McGovern, then, possessed unimpeachable liberal credentials. Yet four years before McGovern passed, the liberal blog site Firedoglake was ready to send him packing, and used the occasion to call McGovern perhaps the nastiest insult in the liberal lexicon: “Wal-Mart Lover.” What could have prompted such spite? McGovern, though a committed liberal through and through, was concerned about the growing and coercive power of unions. He felt the need to speak out against the Democrats’ proposed anti-choice legislation, card-check. McGovern chastised his party for its extremism in the Wall Street Journal:
This is why it’s absurd when people bemoan the insularity of the conservative media, as if this is a phenomenon found exclusively on the right. The left-wing blog world comes up with insane theories all the time, and the latest one–that the Americans for Prosperity tent was not ripped down by union thugs in Michigan, but actually by AFP supporters–is a classic:
Yet this overwhelming evidence has not stopped the Lansing Truthers from claiming this all is a Koch conspiracy. Here are Hamsher’s updates to her original post, noting that one of Firedoglake’s own bloggers was spreading the conspiracy theory:
Update: Marcy Wheeler reports that “witnesses say the Americans for Prosperity people were trying to provoke union members to violence, and witnesses reportedly saw AFP people loosening the ropes on the tents so they would come down.”
Update II: Chris Savage from Eclectablog says that Americans for Prosperity tore down their own tent, and promises video soon:
Ed Schultz of MSNBC is on board helping spread the conspiracy.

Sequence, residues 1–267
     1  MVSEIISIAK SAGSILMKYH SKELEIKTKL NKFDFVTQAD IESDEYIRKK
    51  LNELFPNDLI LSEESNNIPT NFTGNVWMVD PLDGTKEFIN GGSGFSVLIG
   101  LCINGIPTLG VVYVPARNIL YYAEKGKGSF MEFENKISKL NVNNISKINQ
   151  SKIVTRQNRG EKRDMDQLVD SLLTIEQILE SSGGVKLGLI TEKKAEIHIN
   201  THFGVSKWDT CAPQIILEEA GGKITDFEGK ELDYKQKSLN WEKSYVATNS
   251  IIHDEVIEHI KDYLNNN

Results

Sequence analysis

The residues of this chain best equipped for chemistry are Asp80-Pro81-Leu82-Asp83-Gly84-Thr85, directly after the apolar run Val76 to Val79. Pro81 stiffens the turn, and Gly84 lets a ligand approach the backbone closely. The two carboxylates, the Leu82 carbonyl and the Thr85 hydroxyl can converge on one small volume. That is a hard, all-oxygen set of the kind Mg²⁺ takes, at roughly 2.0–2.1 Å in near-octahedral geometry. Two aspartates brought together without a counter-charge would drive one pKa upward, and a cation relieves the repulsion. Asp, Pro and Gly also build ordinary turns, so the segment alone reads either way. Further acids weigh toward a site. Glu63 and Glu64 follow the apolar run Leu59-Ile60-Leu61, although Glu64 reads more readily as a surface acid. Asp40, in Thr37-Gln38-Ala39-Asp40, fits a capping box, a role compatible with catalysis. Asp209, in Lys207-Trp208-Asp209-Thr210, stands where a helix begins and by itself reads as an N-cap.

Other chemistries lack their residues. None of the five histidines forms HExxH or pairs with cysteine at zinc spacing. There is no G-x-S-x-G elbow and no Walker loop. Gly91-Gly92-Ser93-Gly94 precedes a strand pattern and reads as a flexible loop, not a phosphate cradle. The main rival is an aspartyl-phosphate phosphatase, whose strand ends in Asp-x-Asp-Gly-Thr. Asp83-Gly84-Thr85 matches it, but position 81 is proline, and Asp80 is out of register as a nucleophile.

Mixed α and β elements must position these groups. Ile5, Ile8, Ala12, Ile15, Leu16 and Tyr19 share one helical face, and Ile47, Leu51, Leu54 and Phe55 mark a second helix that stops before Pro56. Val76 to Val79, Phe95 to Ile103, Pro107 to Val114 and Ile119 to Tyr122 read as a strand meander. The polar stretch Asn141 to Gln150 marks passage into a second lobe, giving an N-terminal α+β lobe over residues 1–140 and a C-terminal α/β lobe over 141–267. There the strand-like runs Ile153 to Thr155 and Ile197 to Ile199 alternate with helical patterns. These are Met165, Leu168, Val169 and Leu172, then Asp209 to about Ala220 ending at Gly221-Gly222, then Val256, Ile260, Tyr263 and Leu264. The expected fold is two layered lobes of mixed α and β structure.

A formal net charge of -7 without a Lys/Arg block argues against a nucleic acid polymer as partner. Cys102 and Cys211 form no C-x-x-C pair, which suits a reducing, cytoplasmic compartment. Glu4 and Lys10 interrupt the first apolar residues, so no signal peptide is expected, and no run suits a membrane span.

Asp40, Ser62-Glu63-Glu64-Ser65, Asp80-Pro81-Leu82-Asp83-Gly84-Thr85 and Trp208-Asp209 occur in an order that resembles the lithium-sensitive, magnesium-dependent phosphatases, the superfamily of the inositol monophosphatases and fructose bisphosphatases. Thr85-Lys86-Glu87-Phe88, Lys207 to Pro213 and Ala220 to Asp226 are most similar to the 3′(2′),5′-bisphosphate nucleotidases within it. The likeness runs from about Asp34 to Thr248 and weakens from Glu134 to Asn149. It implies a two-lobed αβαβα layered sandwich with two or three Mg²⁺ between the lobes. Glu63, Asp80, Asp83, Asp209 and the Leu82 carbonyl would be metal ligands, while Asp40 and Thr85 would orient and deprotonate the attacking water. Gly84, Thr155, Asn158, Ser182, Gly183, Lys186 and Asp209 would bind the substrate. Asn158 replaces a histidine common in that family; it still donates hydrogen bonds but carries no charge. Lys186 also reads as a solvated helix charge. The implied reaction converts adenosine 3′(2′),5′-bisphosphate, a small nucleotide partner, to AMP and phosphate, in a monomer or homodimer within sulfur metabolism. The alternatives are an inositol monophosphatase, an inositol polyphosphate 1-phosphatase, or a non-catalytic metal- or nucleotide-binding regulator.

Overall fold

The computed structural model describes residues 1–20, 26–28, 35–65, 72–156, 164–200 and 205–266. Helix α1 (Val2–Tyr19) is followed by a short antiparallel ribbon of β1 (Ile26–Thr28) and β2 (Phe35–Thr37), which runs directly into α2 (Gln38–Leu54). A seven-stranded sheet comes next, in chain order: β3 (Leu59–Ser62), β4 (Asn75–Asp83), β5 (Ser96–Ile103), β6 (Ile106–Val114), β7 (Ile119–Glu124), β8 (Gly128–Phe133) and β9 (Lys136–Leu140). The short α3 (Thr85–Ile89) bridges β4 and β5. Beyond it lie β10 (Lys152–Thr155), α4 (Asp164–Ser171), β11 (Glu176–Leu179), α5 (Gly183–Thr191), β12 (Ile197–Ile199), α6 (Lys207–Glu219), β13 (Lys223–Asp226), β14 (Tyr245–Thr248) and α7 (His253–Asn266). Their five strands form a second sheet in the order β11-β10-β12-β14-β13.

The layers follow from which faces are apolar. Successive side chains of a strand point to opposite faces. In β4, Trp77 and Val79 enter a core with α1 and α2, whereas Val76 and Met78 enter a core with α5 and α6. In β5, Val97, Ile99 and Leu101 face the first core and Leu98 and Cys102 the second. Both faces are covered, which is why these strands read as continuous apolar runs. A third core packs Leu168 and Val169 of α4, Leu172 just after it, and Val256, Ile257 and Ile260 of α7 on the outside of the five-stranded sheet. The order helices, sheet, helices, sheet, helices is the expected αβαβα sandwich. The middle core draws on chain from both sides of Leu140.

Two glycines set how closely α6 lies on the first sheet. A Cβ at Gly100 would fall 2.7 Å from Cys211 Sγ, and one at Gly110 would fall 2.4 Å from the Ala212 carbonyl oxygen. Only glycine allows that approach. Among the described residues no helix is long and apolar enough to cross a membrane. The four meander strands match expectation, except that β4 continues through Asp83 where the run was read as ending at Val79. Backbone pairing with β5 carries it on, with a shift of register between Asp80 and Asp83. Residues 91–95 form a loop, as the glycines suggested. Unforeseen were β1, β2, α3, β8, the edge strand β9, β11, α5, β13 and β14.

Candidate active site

Yesterday I discussed the devolution of union protests in Michigan into violence. Soon after that post, the “reported” violence against a conservative activist was confirmed when Steven Crowder posted video of the exchanges on YouTube. The video shows Crowder being punched by a man wearing union paraphernalia and–unfortunately for a man who likely wanted to remain anonymous–a satin jacket with his name embroidered on the front. Popular radio host Dana Loesch offered a reward for the identities of the men responsible for the attack on Crowder as well as the men responsible for cutting down the tent belonging to Americans for Prosperity, who were on the scene to applaud the right-to-work legislation’s passage.
The video that Crowder posted shows multiple altercations with union members and supporters and every punch appears to be thrown while Crowder wasn’t looking. Death threats were screamed after one attack and in one clip, Crowder is pulled by the collar from behind and punched before escaping the grasp of his attacker. While union supporters claim that the video is edited and that the attacks were provoked, Crowder has promised that longer and unedited footage will appear on the Sean Hannity show tonight and tweeted yesterday, “Even if you hate me, nothing I could have done warranted being suckerpunched and threatened with murder.”
Yesterday a landmark event happened in Michigan. The Wolverine State–which is not simply home of the United Auto Workers but in many respects is the birthplace of the modern labor movement–has become the 24th state to ban compulsory union fees. Workers will no longer be required to pay union fees as a condition of employment. And if history–and other states, like Indiana–is any guide, this action will not only grant workers freedom but also attract new businesses to Michigan. (Michigan desperately needs this, since it has the sixth-highest state jobless rate in America at 9.1 percent.)
This move came after unions once again overshot, having tried to enshrine collective bargaining into the state constitution (through Proposition 2).
“Everybody has this image of Michigan as a labor state,” Bill Ballenger, the editor of Inside Michigan Politics, told the New York Times. “But organized labor has been losing clout, and the Republicans saw an opportunity, and now the chickens are coming home to roost.”